- Get Involved
HAMILTON, JEREMIAH J.
HAMILTON, JEREMIAH J. (1838–1905?). Jeremiah Hamilton, a black political and civic leader, was born in July 1838 in Tennessee. He arrived in Texas as a slave in 1847. After emancipation he married a woman named Ellen in 1867, and they had seven children, of whom five survived. Hamilton lived in Bastrop County and became a spokesman for black workers as early as 1866. He acquired land in the county and served as a land trustee for blacks. He had become literate even as a slave and established an early school for African Americans after the Civil War. In 1866 he served as a secretary for the Texas State Central Committee of Colored Men, which opposed white paternalism and worked with the Freedmen's Bureau. He was selected for the board that registered voters in Bastrop County during 1867. Thereafter he ran successfully in 1869 for the Texas House of Representatives in the Twelfth Legislature as a Republican. As a legislator he generally favored bills to advance law enforcement, education, and civil rights.
After his legislative term Hamilton remained in Austin, where he worked primarily as a carpenter. His greatest achievement as a craftsman came with the construction of an unusual triangular house, which still stands in Symphony Square. In part because of health problems, he turned to the newspaper business; he was owner and editor of the Austin Citizen in the mid-1880s and the National Union in the early 1890s, and in 1903 was an agent for the Austin Watchman. All three papers circulated primarily in the black community.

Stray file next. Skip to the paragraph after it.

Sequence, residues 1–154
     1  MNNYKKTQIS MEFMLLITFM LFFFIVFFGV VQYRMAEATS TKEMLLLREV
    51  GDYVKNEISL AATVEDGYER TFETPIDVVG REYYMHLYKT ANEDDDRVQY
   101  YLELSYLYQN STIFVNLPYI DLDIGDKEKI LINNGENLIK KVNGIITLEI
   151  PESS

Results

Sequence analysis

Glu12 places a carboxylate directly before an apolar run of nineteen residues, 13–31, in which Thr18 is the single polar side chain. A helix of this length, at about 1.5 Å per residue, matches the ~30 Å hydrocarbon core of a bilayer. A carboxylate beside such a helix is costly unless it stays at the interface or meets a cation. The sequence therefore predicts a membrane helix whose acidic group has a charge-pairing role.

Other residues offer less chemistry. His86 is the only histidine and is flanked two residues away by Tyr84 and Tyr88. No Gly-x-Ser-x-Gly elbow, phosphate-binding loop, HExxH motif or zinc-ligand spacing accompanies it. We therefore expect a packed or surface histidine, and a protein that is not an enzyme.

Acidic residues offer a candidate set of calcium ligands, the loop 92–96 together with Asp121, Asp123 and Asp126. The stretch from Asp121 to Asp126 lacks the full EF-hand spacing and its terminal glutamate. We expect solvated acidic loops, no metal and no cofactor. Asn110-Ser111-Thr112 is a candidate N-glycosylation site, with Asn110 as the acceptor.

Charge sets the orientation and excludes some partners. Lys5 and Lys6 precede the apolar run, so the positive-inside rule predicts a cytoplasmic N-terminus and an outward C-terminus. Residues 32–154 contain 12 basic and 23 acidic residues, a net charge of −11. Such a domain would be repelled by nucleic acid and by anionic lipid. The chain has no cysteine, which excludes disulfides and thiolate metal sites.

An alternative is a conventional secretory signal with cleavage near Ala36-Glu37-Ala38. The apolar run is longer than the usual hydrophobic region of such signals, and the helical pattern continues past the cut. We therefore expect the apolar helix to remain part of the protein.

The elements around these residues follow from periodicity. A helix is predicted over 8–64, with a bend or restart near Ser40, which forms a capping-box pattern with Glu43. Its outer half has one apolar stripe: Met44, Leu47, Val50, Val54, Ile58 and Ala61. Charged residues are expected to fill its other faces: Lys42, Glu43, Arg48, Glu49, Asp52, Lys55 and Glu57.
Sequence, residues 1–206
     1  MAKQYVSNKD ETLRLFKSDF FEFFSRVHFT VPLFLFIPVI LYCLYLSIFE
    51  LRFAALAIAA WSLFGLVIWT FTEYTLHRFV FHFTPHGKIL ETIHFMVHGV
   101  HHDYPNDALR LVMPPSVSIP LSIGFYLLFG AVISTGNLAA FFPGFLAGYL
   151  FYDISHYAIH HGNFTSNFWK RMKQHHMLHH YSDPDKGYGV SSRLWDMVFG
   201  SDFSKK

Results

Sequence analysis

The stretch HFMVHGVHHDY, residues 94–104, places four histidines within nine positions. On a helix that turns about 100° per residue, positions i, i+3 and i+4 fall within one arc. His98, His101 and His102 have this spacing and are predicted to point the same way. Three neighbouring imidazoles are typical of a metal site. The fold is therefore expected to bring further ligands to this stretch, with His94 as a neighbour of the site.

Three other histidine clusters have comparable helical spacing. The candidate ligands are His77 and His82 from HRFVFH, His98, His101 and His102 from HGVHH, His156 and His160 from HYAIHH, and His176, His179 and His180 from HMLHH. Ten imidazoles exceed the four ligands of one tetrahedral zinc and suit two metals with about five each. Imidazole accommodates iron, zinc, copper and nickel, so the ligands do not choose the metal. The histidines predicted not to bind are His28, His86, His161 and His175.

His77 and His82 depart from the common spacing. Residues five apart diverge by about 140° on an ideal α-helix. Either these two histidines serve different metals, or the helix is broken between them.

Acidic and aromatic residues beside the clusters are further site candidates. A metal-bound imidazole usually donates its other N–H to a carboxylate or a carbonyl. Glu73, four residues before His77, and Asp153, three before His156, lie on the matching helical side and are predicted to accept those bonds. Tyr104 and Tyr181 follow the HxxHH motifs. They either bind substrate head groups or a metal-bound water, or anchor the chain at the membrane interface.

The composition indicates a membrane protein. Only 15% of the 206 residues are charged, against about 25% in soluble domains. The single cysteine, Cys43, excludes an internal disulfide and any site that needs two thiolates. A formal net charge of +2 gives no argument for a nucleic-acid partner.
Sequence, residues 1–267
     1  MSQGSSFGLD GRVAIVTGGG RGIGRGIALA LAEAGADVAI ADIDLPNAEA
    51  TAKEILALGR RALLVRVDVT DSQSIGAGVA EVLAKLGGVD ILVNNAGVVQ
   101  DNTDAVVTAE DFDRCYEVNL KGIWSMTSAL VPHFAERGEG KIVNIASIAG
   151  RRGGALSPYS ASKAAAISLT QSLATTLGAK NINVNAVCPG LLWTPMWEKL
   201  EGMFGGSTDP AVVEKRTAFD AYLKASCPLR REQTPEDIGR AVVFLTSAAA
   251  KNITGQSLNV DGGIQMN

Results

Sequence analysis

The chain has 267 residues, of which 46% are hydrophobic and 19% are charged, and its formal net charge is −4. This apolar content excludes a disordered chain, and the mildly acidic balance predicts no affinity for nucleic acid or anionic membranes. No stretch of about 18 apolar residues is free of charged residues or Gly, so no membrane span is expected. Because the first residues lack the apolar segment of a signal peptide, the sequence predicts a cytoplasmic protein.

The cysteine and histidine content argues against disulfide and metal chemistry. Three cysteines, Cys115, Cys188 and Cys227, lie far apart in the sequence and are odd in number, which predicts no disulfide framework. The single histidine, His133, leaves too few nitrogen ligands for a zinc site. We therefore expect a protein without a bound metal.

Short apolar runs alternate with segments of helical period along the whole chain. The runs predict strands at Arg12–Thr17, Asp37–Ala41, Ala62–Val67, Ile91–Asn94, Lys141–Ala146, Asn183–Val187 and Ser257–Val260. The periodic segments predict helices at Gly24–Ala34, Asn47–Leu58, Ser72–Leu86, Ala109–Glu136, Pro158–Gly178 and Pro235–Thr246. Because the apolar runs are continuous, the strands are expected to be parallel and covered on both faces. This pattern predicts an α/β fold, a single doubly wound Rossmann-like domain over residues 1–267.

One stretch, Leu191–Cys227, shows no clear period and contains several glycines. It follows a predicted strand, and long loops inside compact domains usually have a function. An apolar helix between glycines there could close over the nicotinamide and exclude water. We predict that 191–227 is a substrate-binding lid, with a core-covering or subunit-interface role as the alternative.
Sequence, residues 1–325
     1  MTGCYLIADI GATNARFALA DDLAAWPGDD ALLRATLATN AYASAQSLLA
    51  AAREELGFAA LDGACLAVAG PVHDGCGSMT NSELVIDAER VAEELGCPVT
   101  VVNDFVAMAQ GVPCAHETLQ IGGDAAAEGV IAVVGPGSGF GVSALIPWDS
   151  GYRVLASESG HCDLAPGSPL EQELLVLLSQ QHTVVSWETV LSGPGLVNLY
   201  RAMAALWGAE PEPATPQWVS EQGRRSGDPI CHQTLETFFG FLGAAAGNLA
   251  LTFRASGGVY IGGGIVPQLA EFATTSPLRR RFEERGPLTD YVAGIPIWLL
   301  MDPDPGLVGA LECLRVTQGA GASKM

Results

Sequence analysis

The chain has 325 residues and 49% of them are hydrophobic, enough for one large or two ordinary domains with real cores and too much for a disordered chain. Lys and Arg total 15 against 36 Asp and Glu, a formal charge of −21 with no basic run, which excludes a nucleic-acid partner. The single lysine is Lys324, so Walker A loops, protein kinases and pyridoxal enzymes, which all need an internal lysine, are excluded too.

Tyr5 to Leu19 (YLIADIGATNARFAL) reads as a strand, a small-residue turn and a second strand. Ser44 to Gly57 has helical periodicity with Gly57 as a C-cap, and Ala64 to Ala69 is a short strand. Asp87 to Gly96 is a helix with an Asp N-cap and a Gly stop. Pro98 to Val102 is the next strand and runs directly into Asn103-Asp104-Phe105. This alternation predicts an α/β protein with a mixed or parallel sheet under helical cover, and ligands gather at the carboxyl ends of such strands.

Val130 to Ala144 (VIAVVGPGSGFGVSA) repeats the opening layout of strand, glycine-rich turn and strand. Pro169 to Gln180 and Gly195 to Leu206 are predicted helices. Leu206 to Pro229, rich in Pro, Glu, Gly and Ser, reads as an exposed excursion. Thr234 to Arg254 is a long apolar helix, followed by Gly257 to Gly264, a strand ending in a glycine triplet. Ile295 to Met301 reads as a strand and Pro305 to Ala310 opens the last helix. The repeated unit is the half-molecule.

Hamilton also remained active as a leader in political and civic affairs. He served as one of the vice presidents at the state Republican convention in 1876 and as one of the secretaries for the party convention in 1878. When the first Colored Men's State Convention met in 1873, he was a member of the committees on credentials and address. He became a delegate to black state and national conventions in 1883. At a similar state meeting in 1884 he served on several committees and gave the opening address. He appeared for the last time in a leadership role as a member of two committees during the black state convention of 1891. Hamilton apparently died early in the twentieth century, for his name disappeared from the Austin city directories after 1905. See also BLACK STATE CONVENTIONS.
BIBLIOGRAPHY:Virginia Erickson and Sue Brandt McBee, Austin: The Past Still Present (Austin Heritage Society, 1975). Washington, D.C., New Era, June 16, 1870. E. W. Winkler, Platforms of Political Parties in Texas (Austin: University of Texas, 1916).
Image Use Disclaimer
All copyrighted materials included within the Handbook of Texas Online are in accordance with Title 17 U.S.C. Section 107 related to Copyright and “Fair Use” for Non-Profit educational institutions, which permits the Texas State Historical Association (TSHA), to utilize copyrighted materials to further scholarship, education, and inform the public. The TSHA makes every effort to conform to the principles of fair use and to comply with copyright law.
For more information go to: http://www.law.cornell.edu/uscode/17/107.shtml
If you wish to use copyrighted material from this site for purposes of your own that go beyond fair use, you must obtain permission from the copyright owner.
The following, adapted from the Chicago Manual of Style, 15th edition, is the preferred citation for this article.Handbook of Texas Online, Alwyn Barr, "HAMILTON, JEREMIAH J.," accessed August 23, 2019, http://www.tshaonline.org/handbook/online/articles/fhacn.
Uploaded on June 15, 2010. Published by the Texas State Historical Association.